Service plans require a 24-month commitment. Pricing not available in all areas.
Plus hardware, shipping & handling fees, and tax. Fully refundable. Depending on location, some orders may take 6 months or more to fulfill.
Compare the best satellite internet options in your area.

Fewer public hookups

Let’s not be immature about this—you know what I mean about public hookups. I’m not talking about your latest Tinder fling; rather, we’re talking about amenities like power, Wi-Fi, and sewage. Living in rural areas means you’ll likely be on your own for those things. You’ll need to find a reliable power source to keep things running, as well as a way to properly dispose of waste. 

If you’ve got the gas to spare and a killer car battery, you can easily use a car power adapter to power a few devices at a time. We have personal experience with the FOVAL 150W Car Power Inverter, which only costs $17.98 on Amazon.

Car Power adapter

You can also use a solar-powered generator to power your devices. We’ve had a good experience with the MARBERO Portable Power Station Solar Generator, which costs $93.98 on Amazon. The best thing about this solar generator is that you can charge it with solar energy, or you can plug it into a wall outlet on a cloudy day.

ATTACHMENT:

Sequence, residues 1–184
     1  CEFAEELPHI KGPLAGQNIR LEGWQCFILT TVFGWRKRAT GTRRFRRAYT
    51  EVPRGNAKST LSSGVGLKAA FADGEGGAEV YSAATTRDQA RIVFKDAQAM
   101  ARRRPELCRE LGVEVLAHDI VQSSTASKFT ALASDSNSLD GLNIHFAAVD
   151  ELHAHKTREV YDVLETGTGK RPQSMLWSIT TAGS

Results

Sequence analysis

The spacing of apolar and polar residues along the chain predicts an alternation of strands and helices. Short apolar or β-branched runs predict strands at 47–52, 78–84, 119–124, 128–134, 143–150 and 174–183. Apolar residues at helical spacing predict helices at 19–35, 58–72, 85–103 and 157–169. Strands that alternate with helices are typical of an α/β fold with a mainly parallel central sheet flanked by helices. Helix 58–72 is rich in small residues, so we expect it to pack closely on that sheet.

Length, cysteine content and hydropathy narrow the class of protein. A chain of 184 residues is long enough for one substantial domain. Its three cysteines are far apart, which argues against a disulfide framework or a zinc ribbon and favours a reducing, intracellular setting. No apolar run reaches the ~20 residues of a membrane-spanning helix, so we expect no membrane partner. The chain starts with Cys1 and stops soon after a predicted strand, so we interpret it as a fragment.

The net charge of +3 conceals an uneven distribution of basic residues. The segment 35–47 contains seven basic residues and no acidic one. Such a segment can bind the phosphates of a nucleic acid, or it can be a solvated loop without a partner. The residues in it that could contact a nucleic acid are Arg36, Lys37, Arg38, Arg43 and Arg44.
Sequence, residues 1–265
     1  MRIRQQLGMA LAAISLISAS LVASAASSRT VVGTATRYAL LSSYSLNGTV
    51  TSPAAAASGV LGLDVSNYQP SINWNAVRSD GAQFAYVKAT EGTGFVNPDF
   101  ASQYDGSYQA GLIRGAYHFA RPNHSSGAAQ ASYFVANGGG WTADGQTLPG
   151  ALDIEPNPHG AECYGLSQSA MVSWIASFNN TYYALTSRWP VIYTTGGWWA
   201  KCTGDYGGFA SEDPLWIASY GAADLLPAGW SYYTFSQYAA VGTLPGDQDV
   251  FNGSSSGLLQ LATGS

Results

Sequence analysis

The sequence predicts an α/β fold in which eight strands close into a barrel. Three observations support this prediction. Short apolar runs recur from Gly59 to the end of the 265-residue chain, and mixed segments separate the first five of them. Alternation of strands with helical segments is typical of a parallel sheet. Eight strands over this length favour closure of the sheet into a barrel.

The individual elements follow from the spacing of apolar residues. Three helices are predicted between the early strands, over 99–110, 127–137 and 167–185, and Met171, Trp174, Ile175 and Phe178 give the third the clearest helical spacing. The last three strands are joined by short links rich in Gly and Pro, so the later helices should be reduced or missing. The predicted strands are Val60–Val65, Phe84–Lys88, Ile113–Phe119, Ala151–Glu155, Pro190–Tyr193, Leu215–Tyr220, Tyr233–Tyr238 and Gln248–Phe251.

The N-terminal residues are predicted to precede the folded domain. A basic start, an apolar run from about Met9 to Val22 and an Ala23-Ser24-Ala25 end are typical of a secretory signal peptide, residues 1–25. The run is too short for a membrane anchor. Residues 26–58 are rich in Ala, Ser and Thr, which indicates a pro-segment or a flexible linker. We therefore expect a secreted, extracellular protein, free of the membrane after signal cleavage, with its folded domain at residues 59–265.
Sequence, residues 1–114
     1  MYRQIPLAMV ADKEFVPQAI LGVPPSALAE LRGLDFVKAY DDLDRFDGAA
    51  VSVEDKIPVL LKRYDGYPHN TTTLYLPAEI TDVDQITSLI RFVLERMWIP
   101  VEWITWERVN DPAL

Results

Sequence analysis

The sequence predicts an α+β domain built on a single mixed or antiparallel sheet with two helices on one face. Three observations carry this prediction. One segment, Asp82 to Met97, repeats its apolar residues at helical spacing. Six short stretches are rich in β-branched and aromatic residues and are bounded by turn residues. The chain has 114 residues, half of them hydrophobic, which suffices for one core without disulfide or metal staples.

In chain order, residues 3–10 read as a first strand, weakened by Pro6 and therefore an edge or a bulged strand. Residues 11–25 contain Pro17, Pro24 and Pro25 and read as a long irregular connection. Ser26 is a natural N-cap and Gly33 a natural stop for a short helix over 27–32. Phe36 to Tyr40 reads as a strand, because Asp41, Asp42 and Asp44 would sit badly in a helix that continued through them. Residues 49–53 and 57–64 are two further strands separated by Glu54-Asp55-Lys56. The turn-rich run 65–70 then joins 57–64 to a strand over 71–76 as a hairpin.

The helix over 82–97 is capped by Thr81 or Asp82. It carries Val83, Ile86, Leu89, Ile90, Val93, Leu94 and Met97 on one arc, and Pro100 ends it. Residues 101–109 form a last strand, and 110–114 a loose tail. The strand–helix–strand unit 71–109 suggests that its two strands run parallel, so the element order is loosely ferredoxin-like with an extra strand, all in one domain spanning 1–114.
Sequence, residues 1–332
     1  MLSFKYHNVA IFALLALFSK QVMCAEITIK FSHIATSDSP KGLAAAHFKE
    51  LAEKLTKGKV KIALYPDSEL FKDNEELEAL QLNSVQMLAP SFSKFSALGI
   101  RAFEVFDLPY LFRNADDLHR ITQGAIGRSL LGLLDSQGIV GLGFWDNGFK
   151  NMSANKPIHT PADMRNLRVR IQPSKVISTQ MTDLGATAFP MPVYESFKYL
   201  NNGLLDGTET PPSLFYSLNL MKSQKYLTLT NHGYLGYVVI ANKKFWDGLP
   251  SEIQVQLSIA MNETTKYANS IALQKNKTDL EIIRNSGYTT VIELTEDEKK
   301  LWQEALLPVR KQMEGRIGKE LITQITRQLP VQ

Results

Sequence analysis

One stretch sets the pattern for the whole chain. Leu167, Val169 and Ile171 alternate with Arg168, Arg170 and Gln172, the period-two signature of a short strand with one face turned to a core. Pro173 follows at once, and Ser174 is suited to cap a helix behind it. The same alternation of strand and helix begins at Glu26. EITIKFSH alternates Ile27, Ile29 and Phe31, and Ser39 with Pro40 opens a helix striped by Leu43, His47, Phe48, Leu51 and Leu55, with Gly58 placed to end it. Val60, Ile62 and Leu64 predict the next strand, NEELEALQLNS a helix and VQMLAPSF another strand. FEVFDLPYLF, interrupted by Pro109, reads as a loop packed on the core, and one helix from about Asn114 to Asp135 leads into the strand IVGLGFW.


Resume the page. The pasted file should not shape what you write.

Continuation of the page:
MARBERO Portable Power Station Solar Generator

Source: Amazon

Limited free public Wi-Fi

You can also use a solar-powered generator to power your devices. We’ve had a good experience with the MARBERO Portable Power Station Solar Generator, which costs $93.98 on Amazon. The best thing about this solar generator is that you can charge it with solar energy, or you can plug it into a wall outlet on a cloudy day.

Recap: Tradeoffs for being a digital nomad in a rural area

Digital nomads depend on modern conveniences like free Wi-Fi, free power, and hookups for garbage and sewage. But if the wilderness calls your name, you can make it work. As long as you have a reliable internet connection and a power source, you do just about everything you’ll need to keep your job. 

Consider different cell phone networks and pick an option that provides the best coverage for where you plan on staying. We’d also recommend using a cell booster to help you get the best possible signal. 

Happy trails on your journey of rural digital nomadism!